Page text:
venerated statue arrived in Richmond and on the 7th,  10,000
people  gathered  at  Laurel  and Broad Streets to assist in
moving the large boxes to the monument  site.   Three  weeks
later  the  monument was completed and on the 29th of May it
was unveiled.                                               

This day is one of the  greatest  occasions  in  the  city's
history.  Every hotel and boarding house was full along with
a great number of private residences.  The city was at total
capacity,  filled  with visitors from all over the south who
had traveled to see the historic unveiling.  A great  parade
four  miles  long started at noon with Governor Fitzhugh Lee
commanding.  It was estimated that over 100,000 people  were
in  attendance  that  day with such celebrities as Joseph E.
Johnston, James Longstreet, Jubal Early, and governors  from
many  other  states.  It is said that the parade line was so
long that it took two and one half hours to pass  any  given

Joseph  E.   Johnston  was  given the honor of unveiling the
statue.  On the first  pull  the  veil  separated  at  Lee's
shoulders  and stopped.  On the second tug the veil fell and
the huge crowd saw the statue for the first  time.   Cannon,
musketry and yells erupted along with many a tear from those
who remembered the greatness of the hero of the Confederacy.

The monument wasn't remote for very long.  In 1892 the  site
was  part  of  a  292-acre  tract  annexed  by the city from
Henrico County.                                             

By 1910 the many of the mansions that currently surround the
monument had been built.                                    

The  next time you drive by General Lee take a moment to not
only think about his legacy but the amount of hard work  and
dedication it took to erect such a tremendous piece of art. 

Hope to see you at the next meeting!
Deo Vindice,


Two of our members, Jerold Evans and Frank Marks,  have  had
to  deal  with  medical situations which have prevented them
from attending recent meetings.  Jerold hurt his knee  badly
in  September and hopes to be back with us soon.  Frank, who
now lives at the  Hermitage  retirement  home  on  Hermitage
Road,  has  had  a heart attack and two strokes.  Let's pray
for their improvement.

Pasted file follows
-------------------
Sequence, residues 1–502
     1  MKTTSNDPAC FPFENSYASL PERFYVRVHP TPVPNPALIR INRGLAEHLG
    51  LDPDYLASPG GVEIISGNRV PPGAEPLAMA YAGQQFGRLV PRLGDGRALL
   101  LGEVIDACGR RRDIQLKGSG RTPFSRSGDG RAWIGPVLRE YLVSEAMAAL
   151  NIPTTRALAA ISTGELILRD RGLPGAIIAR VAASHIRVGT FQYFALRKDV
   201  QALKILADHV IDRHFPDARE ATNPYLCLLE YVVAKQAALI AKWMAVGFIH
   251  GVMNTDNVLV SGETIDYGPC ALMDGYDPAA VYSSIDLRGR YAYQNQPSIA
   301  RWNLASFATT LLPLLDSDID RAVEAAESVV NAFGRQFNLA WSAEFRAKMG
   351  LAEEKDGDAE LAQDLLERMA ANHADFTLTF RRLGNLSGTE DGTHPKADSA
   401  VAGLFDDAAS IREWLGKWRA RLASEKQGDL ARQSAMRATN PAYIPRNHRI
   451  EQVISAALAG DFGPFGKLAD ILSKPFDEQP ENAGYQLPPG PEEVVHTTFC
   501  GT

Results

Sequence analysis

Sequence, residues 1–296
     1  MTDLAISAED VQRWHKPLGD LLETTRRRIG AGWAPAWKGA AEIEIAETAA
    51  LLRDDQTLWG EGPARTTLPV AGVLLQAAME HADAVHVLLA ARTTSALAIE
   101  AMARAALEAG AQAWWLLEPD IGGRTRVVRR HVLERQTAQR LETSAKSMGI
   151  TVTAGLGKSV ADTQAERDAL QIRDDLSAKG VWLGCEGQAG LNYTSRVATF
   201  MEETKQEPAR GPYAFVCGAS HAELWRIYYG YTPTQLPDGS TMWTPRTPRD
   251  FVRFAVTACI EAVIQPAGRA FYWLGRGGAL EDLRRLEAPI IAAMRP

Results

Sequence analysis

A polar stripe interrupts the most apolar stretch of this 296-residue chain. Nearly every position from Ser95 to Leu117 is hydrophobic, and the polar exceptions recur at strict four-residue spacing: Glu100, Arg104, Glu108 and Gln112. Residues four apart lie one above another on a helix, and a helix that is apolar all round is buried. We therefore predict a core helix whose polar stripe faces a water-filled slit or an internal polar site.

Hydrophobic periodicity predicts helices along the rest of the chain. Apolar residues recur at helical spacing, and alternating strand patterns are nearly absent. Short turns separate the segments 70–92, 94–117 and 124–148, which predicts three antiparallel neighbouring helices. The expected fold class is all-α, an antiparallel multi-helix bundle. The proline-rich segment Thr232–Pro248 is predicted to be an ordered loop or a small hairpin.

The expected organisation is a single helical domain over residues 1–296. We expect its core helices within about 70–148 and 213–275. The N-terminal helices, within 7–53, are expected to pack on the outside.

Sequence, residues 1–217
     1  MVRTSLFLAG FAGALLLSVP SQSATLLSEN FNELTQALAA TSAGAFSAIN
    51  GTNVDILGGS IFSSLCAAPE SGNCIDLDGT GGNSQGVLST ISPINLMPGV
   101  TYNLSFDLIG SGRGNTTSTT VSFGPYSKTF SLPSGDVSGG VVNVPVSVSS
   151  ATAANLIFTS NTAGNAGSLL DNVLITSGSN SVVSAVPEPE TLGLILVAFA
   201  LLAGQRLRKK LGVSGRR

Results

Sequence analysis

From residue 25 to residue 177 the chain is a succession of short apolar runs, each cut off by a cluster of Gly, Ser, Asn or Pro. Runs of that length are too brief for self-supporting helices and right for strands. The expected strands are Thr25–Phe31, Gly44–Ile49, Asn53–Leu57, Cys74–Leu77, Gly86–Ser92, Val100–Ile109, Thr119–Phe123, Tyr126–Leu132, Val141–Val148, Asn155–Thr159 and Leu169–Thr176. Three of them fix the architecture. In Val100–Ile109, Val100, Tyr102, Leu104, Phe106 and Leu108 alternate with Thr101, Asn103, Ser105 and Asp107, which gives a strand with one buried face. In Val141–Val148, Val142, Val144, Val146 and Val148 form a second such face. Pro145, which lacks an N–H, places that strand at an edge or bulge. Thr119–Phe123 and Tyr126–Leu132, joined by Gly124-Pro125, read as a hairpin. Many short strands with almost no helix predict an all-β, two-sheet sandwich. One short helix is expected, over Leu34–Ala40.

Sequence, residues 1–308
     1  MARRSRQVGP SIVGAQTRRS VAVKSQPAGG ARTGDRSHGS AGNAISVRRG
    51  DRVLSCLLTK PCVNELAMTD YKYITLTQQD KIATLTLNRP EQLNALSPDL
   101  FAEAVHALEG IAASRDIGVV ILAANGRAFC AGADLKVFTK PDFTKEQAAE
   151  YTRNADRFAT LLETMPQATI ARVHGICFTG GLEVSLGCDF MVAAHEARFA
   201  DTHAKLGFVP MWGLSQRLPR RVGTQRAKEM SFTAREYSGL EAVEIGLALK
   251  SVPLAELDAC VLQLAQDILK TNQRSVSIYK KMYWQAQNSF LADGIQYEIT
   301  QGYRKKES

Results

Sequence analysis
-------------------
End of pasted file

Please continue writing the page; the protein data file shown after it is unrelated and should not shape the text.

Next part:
We appreciate so much the good work and dedication of  Lewis
Mills,   Gene   Golden,  and  Andy  Keller  in  cleaning  up
Longstreet Camp's one mile stretch of Studley Road,  Hanover
County, near Enon Church on October 14.  A family obligation
prevented me from helping this time.  Lewis has chaired this
project  for  several years.  Next cleanup will be in April,
and we need more help, which will make the  job  easier  and
quicker.   You will be notified as soon as we know the exact

At our November 21 meeting we hope to induct Austin  Thomas.
His  father  Dave  had to be out of town on business October
17, so we couldn't do it then.                              

Stuart Staples has initiated his application to transfer  to
our  Camp  from another local camp.  We welcome him and hope
that his paper work will catch up soon and make his transfer

Our  other  recent transfer, Tom Spivey, has an ancestor who
served in the Confederate Navy.  I believe that is  a  first
since  I've  been  adjutant.   His ancestor's name is Daniel
Moncure Davis.                                              

I hope that you saw the recent Richmond Times-Dispatch story
about  the  generosity  of our Camp chaplain Henry Langford.
Henry and his wife Florence have made significant  donations
to the Baptist Theological Seminary in Richmond.            

Retired  Marine  Colonel John W.  Ripley, a Virginian, spoke
on November 1  at  a  Richmond  Council  Navy  League  lunch
meeting  honoring  the Marine Corps.  Our member Pat Hoggard
was the chairman of this event.  I was unable to attend, but
I  had  the privilege of hearing John speak at the Stonewall